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Why so many men are thanking an Irish guy for revealing a secret they're too afraid to admit

His honesty captivated me. Hopefully it will inspire others to speak up.

Why so many men are thanking an Irish guy for revealing a secret they're too afraid to admit

Niall Breslin has everything going for him.

He's a famous musician, a producer, a former footballer, good-looking, smart, and an all-around nice guy.

So people were surprised to hear that he also battles with anxiety and depression.

The reality is, it can happen to anyone.


People were shocked when he described his anxiety as so horrific that he wanted to rip the skin off his face. At one point, he was in so much emotional pain, he tried to knock himself out by banging his head on the wall.

He slept in a park for two nights in the midst of a breakdown.

But there can be something even worse than anxiety attacks: constantly having to hide them.

Even though so many people have mental health issues or know someone who does, the stigma makes them want to keep it hidden for fear of being judged.

Boys, in particular, are taught that being a "man" means not having vulnerabilities. That perception has to stop.

He's been inundated by emails from men, thanking him for speaking out when they felt they couldn't.

He's trying to reach people who DON'T have mental health issues to help them understand what people who DO have them struggle with.

Understanding = less stigma = people speaking up and getting help.

Hear him explain in his own soul-baring words below.

He's brave for speaking up to help others.

That's another thing he can add to his list of things he has going for him.

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Upworthy and P&G Good Everyday are teaming up to find the people who lead with love everyday.

Know someone in your neighborhood who's known for their optimistic attitude, commitment to bettering their community and always leading with love? Tell us about them for the chance to win a $2,000 grant to keep doing good in their community.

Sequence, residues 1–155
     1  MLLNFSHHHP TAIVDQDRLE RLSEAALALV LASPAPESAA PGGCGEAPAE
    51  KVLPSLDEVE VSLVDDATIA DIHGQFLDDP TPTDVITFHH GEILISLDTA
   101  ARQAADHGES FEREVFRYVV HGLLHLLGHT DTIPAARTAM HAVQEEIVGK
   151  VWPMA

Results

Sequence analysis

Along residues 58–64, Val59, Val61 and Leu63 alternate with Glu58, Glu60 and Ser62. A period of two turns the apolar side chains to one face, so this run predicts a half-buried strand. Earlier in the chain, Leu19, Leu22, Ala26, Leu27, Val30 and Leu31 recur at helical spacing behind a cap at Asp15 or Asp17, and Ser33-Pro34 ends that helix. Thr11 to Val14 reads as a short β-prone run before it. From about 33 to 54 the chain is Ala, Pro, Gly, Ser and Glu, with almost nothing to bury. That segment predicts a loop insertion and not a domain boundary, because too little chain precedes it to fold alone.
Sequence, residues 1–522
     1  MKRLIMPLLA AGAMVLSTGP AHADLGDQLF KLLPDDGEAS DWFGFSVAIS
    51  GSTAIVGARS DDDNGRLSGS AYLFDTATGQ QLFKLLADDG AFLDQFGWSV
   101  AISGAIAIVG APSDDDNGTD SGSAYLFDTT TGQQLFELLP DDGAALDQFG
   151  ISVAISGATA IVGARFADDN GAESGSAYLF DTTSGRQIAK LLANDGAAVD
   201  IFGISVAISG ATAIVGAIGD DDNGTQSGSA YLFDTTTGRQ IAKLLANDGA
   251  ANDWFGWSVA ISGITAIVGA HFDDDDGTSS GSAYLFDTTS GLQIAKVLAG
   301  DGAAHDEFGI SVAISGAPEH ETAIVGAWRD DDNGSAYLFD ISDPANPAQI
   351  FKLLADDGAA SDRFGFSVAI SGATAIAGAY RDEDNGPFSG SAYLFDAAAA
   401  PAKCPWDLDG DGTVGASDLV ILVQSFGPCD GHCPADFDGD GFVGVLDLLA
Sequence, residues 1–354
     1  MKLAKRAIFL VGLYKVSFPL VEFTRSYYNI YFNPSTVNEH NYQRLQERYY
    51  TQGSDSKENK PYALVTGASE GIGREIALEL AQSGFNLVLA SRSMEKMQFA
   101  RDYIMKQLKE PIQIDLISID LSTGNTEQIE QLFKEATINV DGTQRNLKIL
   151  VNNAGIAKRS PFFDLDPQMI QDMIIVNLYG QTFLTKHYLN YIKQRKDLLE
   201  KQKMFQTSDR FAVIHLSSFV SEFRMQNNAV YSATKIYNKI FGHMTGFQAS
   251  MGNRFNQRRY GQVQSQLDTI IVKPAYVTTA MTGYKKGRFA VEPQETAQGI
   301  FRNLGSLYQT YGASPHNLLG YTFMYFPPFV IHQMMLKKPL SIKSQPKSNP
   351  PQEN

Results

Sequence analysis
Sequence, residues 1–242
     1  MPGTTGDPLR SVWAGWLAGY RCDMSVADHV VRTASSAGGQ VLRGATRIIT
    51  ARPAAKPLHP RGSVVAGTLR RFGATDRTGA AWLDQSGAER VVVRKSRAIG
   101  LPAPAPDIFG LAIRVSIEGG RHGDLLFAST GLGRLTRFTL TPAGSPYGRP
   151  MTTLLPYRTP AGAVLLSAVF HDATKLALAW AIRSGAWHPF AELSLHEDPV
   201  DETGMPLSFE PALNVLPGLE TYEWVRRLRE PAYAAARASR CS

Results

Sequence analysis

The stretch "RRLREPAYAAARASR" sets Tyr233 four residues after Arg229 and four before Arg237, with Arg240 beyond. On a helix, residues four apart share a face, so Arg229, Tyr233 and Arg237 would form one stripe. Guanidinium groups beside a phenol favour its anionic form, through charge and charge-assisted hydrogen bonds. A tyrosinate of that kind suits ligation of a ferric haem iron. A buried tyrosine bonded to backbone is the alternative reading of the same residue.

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via Brittany Kinley / Facebook

Brittany Kinley, a mother from Mansfield, Texas, had a hilarious mom fail her and she's chalking it up to being just another crazy thing that happened in 2020.

When Kinley filled out the order form for her son Mason's kindergarten class pictures, there was an option to have his name engraved into the photos. But Kinley wasn't interested in having her son's name on the photos so she wrote "I DON'T WANT THIS" on the box.

Well, it appears as though she should have left the box blank because the computer or incredibly literal human that designed the photographs wrote "I DON'T WANT THIS" where mason's name should be.

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A lot of people here are like family to me," Michelle says about Bread for the City — a community nonprofit located in Washington DC that provides local residents with food, clothing, health care, social advocacy, and legal services. And since the pandemic began, the need to support organizations like Bread for the City is greater than ever, which is why Amazon is Delivering Smiles to local charities across the country this holiday season.

Watch the full story:

Amazon is giving back by fulfilling hundreds of AmazonSmile Charity Lists, and donating essential pantry and food items to help organizations like Bread for the City provide to those disproportionately impacted this year.

Visit AmazonSmile Charity Lists to donate directly to a local charity in your community, or simply shop smile.amazon.com and Amazon will donate a portion of the purchase price of eligible products to your charity of choice.
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Back in 2017, when white supremacist Richard Spencer was socked in the face by someone wearing all black at Trump's inauguration, it launched an online debate, "Is it OK to punch a Nazi?"

The essential nature of the debate was whether it was acceptable for people to act violently towards someone with repugnant reviews, even if they were being peaceful. Some suggested people should confront them peacefully by engaging in a debate or at least make them feel uncomfortable being Nazi in public.

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In December 2018, The Utah Department of Transportation opened the largest wildlife overpass in the state, spanning 320 by 50 feet across all six lanes of Interstate 80.

Its construction was intended to make traveling through the I-80 corridor in Summit County safer for motorists and the local wildlife.

The Salt Lake Tribune reports that there were over 100 animal incidents on the interstate since 2016, giving the stretch of highway the unfortunate nickname of "Slaughter Row."

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